Unwanted interruption-based advertising [pilfers] time and focus I could have reserved for dearer claims on my bandwidth, such as my family and friends. Simply put: Attention theft is a crime.
Illustration: Dan Page
Writing more than a hundred years ago, the German sociologist Georg Simmel observed, “The psychological basis of the metropolitan type of individuality consists in the intensification of nervous stimulation which results from the swift and uninterrupted change of outer and inner stimuli.” Which is a long way of saying that living in a city requires a great deal of our attention.
And just a year ago, the screenwriter Bill Oakley quipped, “Describing today to someone from 1953: Every 6 seconds all your friends send you a telegram and a brand-new Life magazine is thrown at you.” That is to say, living in a networked world requires a great deal of our attention.
What happens when we combine these two ideas? When the city and the network come together, we have the topics of my previous two columns: urban computing and the smart city. The upsides of these new paradigms are significant, and they include improved efficiency, increased civic engagement, and enhanced awareness of one’s surroundings. But there are substantial downsides as well, including constant connectivity, the potential for surveillance, and a tendency to see the interface instead of the city.
Perhaps the biggest problem with living a networked, urban life is the seemingly endless supply of distractions. Our default mode of perceiving the world is what psychologists call bottom-up attention, where we notice whatever is most salient in our surroundings. “Most salient” used to mean “most dangerous” or “most edible,” but now it usually means “most distracting.” Hucksters, marketers, and social media gurus know that we’re suckers for arresting images, that we can’t resist a smartphone’s ping, and that we suffer from what Aldous Huxley called “man’s almost infinite appetite for distractions.”
So now, it’s not enough to rely on nature or social ties to get our attention. Now we must deal with engineered distraction, stimuli designed so that we can’t help but notice them. It’s one thing to have FOMO (fear of missing out) engender a compulsive connectivity that has us constantly staring into our glowing rectangles and infinity machines. But when the distraction engineers build attention-grabbing interfaces into a city, and when those interfaces are the only way to interact with a resource and so are a kind of coercive connectivity, then we’re dealing with nothing less than attention theft.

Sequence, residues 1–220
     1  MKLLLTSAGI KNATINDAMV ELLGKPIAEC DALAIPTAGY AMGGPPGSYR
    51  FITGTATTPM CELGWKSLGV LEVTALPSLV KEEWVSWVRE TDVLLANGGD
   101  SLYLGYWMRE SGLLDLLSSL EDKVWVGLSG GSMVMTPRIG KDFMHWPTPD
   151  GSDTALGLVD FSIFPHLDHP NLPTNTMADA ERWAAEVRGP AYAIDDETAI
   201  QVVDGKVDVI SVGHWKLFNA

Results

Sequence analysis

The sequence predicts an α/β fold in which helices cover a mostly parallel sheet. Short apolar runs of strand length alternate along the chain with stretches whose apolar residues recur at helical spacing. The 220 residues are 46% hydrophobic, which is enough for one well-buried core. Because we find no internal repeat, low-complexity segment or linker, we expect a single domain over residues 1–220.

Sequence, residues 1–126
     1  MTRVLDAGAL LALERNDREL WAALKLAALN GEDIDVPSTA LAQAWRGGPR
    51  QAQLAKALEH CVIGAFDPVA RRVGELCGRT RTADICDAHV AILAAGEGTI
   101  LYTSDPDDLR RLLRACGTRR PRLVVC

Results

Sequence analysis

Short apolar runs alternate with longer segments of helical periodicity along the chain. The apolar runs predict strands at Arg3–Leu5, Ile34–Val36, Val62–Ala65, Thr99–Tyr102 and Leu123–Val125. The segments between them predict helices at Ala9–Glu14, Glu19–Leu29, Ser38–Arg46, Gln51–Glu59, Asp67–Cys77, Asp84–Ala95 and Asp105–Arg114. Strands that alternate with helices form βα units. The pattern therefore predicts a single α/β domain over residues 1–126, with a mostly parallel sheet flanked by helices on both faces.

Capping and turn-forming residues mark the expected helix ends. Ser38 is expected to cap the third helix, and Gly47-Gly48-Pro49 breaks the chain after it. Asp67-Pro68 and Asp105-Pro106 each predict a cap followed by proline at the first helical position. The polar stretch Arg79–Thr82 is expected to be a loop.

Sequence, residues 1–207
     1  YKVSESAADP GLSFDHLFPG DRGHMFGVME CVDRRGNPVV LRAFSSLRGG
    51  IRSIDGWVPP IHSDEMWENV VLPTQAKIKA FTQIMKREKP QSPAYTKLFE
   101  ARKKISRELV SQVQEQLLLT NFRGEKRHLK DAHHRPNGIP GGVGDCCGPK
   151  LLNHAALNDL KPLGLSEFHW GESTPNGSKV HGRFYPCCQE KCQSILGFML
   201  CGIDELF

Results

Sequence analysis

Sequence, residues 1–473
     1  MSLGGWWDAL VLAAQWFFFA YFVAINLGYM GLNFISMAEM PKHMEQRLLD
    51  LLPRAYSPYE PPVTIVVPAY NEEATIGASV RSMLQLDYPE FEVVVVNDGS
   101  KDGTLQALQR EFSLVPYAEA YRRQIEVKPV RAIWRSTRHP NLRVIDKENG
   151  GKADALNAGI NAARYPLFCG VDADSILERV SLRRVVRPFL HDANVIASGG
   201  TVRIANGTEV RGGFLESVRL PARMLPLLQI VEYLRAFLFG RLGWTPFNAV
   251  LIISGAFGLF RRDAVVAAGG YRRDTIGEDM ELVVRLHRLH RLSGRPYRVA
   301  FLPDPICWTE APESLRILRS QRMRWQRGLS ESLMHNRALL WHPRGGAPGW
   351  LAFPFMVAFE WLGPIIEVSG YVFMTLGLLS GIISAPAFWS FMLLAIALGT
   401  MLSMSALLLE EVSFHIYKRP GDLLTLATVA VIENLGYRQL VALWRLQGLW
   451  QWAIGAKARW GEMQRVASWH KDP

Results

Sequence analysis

The metaphor of theft is apt. As many have pointed out, we’re living in an attention economy, and when we focus on something we say we are paying attention. If land is said to be increasingly valuable because nobody’s making any more of it, then attention is increasingly precious because there’s only a finite amount of it to go around. In his landmark work, Principles of Psychology (1890), William James wrote, “My experience is what I agree to attend to.” So what kind of experience can we expect when our walks and rides through the city are inundated with data smog?
And that smog will soon know our names. Marketers are already using directed sound to aim audio advertisements at individuals, and it won’t be long before facial recognition is added (thanks, Facebook!), so the once-distant future of Minority Report–style personalized advertisements will soon be coming to a sidewalk near you.
So, yes, we can turn off our phones, but that won’t stop the information pollution. Wearable-computing pioneer Steve Mann once invented glasses that could hide noxious urban landscape images with more pleasing scenes projected onto the lens, but are the extra visuals of augmented reality really the answer to visual overload? Yes, we can hide or secure our valuables to guard against theft, but how do we protect our attention from being hijacked against our will? The answer, I’m afraid, will have to wait until my next column.